By Carley Dangona
The 2013 Ronald McDonald House Charities’ Local Hero Award winners, pictured left to right: Joan Mastromonaco, East Hampton High School, East Hampton, Conn.; Mary Madru, North Middle School, Westfield; Denise Chabot, Jeffrey Elementary School, Madison, Conn.; Alicia Schiavo, Washington Elementary School, Waterbury, Conn., Robert Rose, Smith Middle School, Glastonbury, Conn.; Katie Bevan, Sumner Avenue Elementary School, Springfield; Joleen Pillar, The Gilbert School, Winsted, Conn.; Kathy LaPlatney, East Lyme Middle School, Niantic, Conn.; Lauren Dion, Woodland Elementary School, Southwick; and Anne Marie Osheyack, Northampton High School, Northampton.
Reminder Publications submitted photo
HARTFORD, Conn. – Ronald McDonald House Charities (RMHC) of Connecticut and Western Massachusetts honored 10 area teachers with the seventh annual RMHC Local Hero Awards. Among the recipients were Mary Madru from North Middle School in Westfield and Lauren Dion from Woodland Elementary School in Southwick.
The selected teachers from Connecticut and Western Massachusetts have all exhibited tremendous dedication to their profession and outstanding efforts in servicing their schools and communities.
The recipients were honored by the RMHC Board of Directors at a reception at the Connecticut Governor’s Residence in Hartford in October 2013 and were joined by superintendents and principals from their respective districts and schools. Each honoree was presented with a plaque commemorating their award and a $1,000 grant for their school.
There is no application or nomination process for the RMHC Local Hero Awards. Instead, the local charity works closely with partnering organizations, such as the Connecticut Association of Schools, Connecticut State Department of Education and the Massachusetts Department of Education, to identify the “heroes” throughout the region.
Madru teaches English Language Arts. Over the course of her 31-year career she has taught different grade levels and has a background with special education. Madru recently earned a degree in school administration from American International College and hopes to become an assistant principal or principal in the future.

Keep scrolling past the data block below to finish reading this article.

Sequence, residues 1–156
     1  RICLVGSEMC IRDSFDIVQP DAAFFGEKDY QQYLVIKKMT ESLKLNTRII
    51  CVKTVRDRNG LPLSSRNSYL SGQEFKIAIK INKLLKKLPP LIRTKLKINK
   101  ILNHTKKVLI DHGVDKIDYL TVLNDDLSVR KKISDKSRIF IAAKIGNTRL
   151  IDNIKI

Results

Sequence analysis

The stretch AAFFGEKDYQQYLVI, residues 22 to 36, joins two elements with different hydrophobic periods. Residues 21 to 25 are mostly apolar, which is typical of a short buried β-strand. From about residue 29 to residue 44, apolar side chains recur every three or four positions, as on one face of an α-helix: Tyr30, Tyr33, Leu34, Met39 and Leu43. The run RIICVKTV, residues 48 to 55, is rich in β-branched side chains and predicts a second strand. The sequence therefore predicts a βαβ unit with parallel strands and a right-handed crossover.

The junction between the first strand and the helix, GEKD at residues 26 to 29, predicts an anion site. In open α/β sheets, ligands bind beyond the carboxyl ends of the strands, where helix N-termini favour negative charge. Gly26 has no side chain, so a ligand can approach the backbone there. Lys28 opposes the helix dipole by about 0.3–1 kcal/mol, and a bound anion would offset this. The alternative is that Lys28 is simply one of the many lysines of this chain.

“I love it [teaching]. I love the first day of school. Every year is different and the good outweighs the bad,” she said. “For a lot of kids, school is the most dependable, routine part of the day. It provides dependability and stability for them.”
Christopher Rogers, North Middle School principal, said, “It’s incredible. It’s an honor for her as an individual and for us as a school. Mary is very professional and hardworking. She is incredibly skilled and well versed in her subject.”
Madru likened teachers to builders and said that it’s their job to build a strong, supportive foundation for students to use the rest of their lives. “I want kids to leave with the confidence that no matter what they see or do, they can succeed,” she said.
She incorporates other disciplines such as math to demonstrate how her lessons are relevant and applicable to the real world. She supports the instruction of penmanship and noted that some schools no longer teach students cursive writing. She said that she has always created supplemental teaching materials for her classes.
Madru admitted she is technologically challenged, but learns from her students. She said that devices can be beneficial, but can hinder students’ social development if relied on too much. “A lot of kids don’t go out and play in the snow, [instead] they are on their electronic devices,” she said.
Madru and Rogers are working together to determine the best use of the scholarship.
Dion has taught first grade for 16 years. She learned about the award during a special faculty meeting. She said when the principal said someone from the school was chosen as a RMHC Local Hero, she looked around the table wondering which teacher it was because they are all worthy of the honor.
“It’s an extreme honor to have that recognition outside your school. So many other teachers deserve to be recognized. It’s nice that they’re taking notice and supporting our skills,” she said.
Kimberly Saso, Woodland Elementary School principal, said, “We’re full of pride that one of teachers won. She’s very deserving of the award.”
Saso described Dion as “someone to always go to” and noted that she is always willing to share resources with and answer questions of other teachers. She said Dion has been a finalist for Massachusetts Teacher of the Year three times.
“She has a love for children. She is always looking to grow professionally and is willing to look at innovation to improve what she already does,” Saso said of Dion.
“I come in every day and make it a fresh start for each student. I put my heart and soul into teaching because it’s not just about academics – there is a social and an emotional part to educating students,” Dion stated.
Her favorite part of teaching first graders is the “first day of school when they come in eager to learn and look at you with those bright eyes.”
In regards to the award celebration Dion said, “It was such a neat evening, very personable and meaningful. Each awardee was introduced by a different RMHC speaker – it was tailored to each of the 10 individuals. They wanted us to understand that they appreciate us being educators.”
Dion and Saso used the grant to purchase the Lucy Calkins & Colleagues Reading and Writing Project materials for the curriculum. Five of the first grade classrooms will conduct a pilot program for the school district using the information.
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